Sean Spicer Eliminated from DWTS Despite Donald Trump Calling on Supporters to Vote for Him
"I've loved being on this show. Thank you for making me a part of it," Sean Spicer said after being eliminated
At the wrap of the Boy Band and Girl Group Night episode on Monday, President Donald Trump‘s former White House Press Secretary was sent home after landing in jeopardy against fellow contestant Lauren Alaina.
During the judges’ verdict in the final moments of the live show, Carrie Ann Inaba and Bruno Tonioli both agreed that country star Alaina, 25, should proceed in the competition, ultimately sending Spicer home.
“I miss ya. I wish I could have done better. Thank you for everything you did,” Spicer, 48, said to his pro dancing partner Lindsay Arnold, who missed both last week and Monday night’s competition due to the “unexpected” death of her mother-in-law.
“Thanks to everyone who supported me,” Spicer continued. “Thanks to my family for everything they did. I’ve loved being on this show. Thank you for making me a part of it. God bless you all. Happy Veteran’s Day.”
Prior to his elimination, President Trump, 73, asked his Twitter followers to vote for Spicer, posting in a since-deleted tweet, “Vote for Sean Spicer on Dancing with the Stars. He is a great and very loyal guy who is working very hard. He is in the quarterfinals — all the way with Sean! #MAGA #KAG.”
Later, President Trump celebrated Spicer’s run on DWTS, tweeting on Monday, “A great try by @seanspicer. We are all proud of you!”
In mid-October, POTUS called Spicer a “good guy” when he first asked viewers to vote for Spicer on DWTS: “Vote for good guy @seanspicer tonight on Dancing With The Stars. He has always been there for us!”
Last week, DWTS audiences were shocked to see Spicer proceed another week in the competition when Kate Flannery was axed from season 28.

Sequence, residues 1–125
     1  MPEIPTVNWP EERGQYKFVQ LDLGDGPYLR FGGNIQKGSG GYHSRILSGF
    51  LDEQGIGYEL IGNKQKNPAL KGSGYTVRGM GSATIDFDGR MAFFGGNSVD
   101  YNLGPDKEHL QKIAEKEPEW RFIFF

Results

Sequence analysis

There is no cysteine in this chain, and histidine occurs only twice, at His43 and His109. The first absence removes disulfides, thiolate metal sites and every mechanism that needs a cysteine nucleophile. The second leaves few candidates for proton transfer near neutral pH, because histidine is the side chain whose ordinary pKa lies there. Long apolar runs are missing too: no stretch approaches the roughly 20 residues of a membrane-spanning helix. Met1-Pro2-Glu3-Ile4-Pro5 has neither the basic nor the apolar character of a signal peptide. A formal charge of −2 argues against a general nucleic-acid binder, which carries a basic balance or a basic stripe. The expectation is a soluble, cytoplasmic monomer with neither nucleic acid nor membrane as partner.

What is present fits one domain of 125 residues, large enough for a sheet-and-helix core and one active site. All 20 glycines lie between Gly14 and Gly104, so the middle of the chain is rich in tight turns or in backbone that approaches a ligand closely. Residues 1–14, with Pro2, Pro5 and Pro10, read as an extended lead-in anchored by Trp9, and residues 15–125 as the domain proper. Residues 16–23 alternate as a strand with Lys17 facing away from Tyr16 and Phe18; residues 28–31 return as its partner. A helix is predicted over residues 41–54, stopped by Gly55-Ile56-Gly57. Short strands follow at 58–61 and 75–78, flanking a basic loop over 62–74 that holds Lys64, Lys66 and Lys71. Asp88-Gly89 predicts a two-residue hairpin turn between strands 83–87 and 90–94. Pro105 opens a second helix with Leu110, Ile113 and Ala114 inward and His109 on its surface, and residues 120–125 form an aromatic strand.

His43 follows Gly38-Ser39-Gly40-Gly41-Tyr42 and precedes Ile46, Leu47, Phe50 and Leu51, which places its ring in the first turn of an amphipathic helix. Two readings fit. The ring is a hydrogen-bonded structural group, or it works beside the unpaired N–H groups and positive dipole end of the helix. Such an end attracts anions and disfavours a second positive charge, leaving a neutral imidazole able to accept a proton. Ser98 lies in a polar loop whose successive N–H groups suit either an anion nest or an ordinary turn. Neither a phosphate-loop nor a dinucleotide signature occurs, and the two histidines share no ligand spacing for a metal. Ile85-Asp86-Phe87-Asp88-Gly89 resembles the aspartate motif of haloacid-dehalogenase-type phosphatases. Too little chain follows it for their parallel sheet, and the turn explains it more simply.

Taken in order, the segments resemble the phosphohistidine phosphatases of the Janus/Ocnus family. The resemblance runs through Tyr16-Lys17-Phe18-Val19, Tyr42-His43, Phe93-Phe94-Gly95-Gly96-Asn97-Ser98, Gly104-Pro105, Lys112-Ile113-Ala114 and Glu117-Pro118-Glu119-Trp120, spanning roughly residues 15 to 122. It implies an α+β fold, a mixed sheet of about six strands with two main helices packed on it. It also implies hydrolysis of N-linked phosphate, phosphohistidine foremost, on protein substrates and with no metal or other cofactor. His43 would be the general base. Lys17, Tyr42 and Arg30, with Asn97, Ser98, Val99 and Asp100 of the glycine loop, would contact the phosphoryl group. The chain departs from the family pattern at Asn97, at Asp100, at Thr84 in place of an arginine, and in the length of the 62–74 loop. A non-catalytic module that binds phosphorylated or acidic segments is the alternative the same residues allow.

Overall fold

After she was sent home, Spicer — who has consistently received low scores throughout the weeks — opened up about the moment he realized he was safe.
“I knew what my scores were and I knew how the rest of the cast did,” he told PEOPLE. “To be called out first was just a massive relief. For me, this week was about bouncing back from last week and showing Lindsay [Arnold] that all of her hard work had paid off.”
“I know how hard everyone else is working too,” he continued. “You feel bad because you’ve seen their progression. It’s tough. It’s this mixed emotion we’ve had for the past few weeks, where we’re watching someone you’re close to and watch them go when your scores weren’t as high.”
When it came to the results, Inaba, 51, was nearly at a loss for words.
“Tonight was shocking, especially when you see somebody with the caliber of dancing who got a 30, Ally today, with Kate out there,” the longtime judge told PEOPLE. “We’ve seen already Karamo went home last week, and we’re seeing good dancers go home. And this season we’ve upped our game as far as judges, and we’re really going after the technique in effort to make sure that the best dancer wins.”
“And we’ve seen it now, that the competition is fierce this season,” she continued. “I feel like everybody’s elevated to that level. But people are voting the way they want to. And they have a right to, but I would like to beg the public to remember that this is a dance competition. Of course, vote with your heart, but also take a moment to consider everybody else in the competition, and are you voting for the right person? I’m not sure.”
After his debut episodein September, Spicer said that he had expected backlash for joining DWTS and hoped that viewers could “put every policy and politics aside” while watching the show.
“I’ve been living this for a while. I expect it,” Spicer said then. “We are where we are as a country, but if people could tune in tonight and say, ‘Look at this diverse cast. They’re rooting for each other, they’re having a blast with each other,’ and we can for two hours put every policy and politics aside and root for different people, have fun and relax, then that’s what we should do more of.”
Dancing with the Stars airs Mondays (8 p.m. ET) on ABC.